unciteable

cite

1 [sahyt]
verb (used with object), cited, citing.
1.
to quote (a passage, book, author, etc.), especially as an authority: He cited the constitution in his defense.
2.
to mention in support, proof, or confirmation; refer to as an example: He cited many instances of abuse of power.
3.
to summon officially or authoritatively to appear in court.
4.
to call to mind; recall: citing my gratitude to him.
5.
Military. to mention (a soldier, unit, etc.) in orders, as for gallantry.
6.
to commend, as for outstanding service, hard work, or devotion to duty.
7.
to summon or call; rouse to action.

Origin:
1400–50; late Middle English < Late Latin citāre to summon before a church court; in Latin, to hurry, set in motion, summon before a court, frequentative of ciēre to move, set in motion

citable, citeable, adjective
citer, noun
noncitable, adjective
nonciteable, adjective
uncitable, adjective
unciteable, adjective
uncited, adjective
Dictionary.com Unabridged
Based on the Random House Dictionary, © Random House, Inc. 2014.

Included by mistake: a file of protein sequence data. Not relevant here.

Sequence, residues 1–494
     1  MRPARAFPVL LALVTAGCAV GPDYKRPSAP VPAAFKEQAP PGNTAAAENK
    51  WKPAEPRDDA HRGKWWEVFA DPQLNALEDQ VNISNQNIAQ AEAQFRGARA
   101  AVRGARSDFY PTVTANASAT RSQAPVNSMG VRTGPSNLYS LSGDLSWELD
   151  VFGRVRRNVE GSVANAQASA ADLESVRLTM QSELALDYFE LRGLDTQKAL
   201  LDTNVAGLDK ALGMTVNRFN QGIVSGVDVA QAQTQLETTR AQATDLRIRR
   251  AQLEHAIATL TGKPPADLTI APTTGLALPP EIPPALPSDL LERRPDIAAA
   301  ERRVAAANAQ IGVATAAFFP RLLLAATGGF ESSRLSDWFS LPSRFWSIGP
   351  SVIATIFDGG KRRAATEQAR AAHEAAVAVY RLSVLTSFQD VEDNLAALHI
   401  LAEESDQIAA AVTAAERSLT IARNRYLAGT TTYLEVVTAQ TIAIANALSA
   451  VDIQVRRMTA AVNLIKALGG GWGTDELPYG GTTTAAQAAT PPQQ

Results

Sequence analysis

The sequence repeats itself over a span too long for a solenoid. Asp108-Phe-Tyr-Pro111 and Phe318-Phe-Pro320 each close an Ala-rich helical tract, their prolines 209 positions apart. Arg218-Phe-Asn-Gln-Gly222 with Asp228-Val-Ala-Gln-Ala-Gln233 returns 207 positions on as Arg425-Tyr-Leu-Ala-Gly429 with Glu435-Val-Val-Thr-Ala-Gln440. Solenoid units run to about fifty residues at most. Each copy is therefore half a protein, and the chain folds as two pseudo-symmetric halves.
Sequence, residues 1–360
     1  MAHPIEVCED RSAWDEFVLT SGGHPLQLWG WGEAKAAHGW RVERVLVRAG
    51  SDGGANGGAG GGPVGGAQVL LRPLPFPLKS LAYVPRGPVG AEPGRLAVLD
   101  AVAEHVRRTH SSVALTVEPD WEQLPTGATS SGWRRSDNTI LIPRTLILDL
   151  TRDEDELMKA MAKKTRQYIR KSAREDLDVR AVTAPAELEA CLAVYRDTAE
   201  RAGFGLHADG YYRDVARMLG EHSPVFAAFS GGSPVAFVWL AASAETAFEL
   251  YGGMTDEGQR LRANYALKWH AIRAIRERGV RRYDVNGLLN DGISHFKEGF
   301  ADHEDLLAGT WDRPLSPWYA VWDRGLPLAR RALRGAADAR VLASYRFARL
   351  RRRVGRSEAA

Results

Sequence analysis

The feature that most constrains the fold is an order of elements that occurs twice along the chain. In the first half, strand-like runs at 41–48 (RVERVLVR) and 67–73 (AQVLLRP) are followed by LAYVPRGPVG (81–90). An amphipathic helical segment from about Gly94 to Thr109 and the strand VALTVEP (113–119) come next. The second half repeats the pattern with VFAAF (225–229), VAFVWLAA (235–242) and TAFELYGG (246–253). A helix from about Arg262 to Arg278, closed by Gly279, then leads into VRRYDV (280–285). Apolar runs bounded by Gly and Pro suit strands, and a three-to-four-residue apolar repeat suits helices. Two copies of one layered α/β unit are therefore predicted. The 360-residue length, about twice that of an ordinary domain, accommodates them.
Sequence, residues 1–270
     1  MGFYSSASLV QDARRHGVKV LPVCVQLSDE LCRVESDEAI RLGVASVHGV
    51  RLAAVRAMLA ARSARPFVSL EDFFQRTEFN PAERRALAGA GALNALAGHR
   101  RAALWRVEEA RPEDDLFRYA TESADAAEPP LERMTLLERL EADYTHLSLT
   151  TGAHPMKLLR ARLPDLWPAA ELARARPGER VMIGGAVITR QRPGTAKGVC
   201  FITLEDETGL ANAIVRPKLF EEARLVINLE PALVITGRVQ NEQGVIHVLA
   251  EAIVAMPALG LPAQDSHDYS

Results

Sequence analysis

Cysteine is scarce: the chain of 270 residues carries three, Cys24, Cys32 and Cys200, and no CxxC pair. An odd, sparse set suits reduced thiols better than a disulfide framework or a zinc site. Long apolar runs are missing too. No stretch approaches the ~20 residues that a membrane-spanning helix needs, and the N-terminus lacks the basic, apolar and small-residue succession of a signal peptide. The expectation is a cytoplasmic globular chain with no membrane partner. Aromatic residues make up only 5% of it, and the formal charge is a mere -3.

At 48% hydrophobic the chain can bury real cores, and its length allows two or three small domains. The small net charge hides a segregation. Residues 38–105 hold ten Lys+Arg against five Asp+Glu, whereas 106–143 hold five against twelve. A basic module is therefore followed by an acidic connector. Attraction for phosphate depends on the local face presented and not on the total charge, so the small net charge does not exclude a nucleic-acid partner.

Cite This Source Link To unciteable
Collins
World English Dictionary
cite (saɪt)
 
vb
1.  to quote or refer to (a passage, book, or author) in substantiation as an authority, proof, or example
2.  to mention or commend (a soldier, etc) for outstanding bravery or meritorious action
3.  to summon to appear before a court of law
4.  to enumerate: he cited the king's virtues
 
[C15: from Old French citer to summon, from Latin citāre to rouse, from citus quick, from ciēre to excite]
 
'citable
 
adj
 
'citeable
 
adj
 
'citer
 
n

Collins English Dictionary - Complete & Unabridged 10th Edition
2009 © William Collins Sons & Co. Ltd. 1979, 1986 © HarperCollins
Publishers 1998, 2000, 2003, 2005, 2006, 2007, 2009
Cite This Source
Etymonline
Word Origin & History

cite
late 15c., from O.Fr. citer "to summon," from L. citare "to cause to move, arouse, summon, urge, call," freq. of ciere "to move, set in motion, stir, rouse, call, invite" from PIE base *kei- "to move to and fro" (cf. Skt. cyavate "stirs himself, goes;" Gk. kinein "to move," kinymai "move myself;" Goth.
haitan "call, be called;" O.E. hatan "command, call"). Sense of "calling forth a passage of writing" is first attested 1530s.
Online Etymology Dictionary, © 2010 Douglas Harper
Cite This Source
American Heritage
Abbreviations & Acronyms
cite
citation
The American Heritage® Abbreviations Dictionary, Third Edition
Copyright © 2005 by Houghton Mifflin Company.
Published by Houghton Mifflin Company. All rights reserved.
Cite This Source
Copyright © 2014 Dictionary.com, LLC. All rights reserved.
  • Please Login or Sign Up to use the Recent Searches feature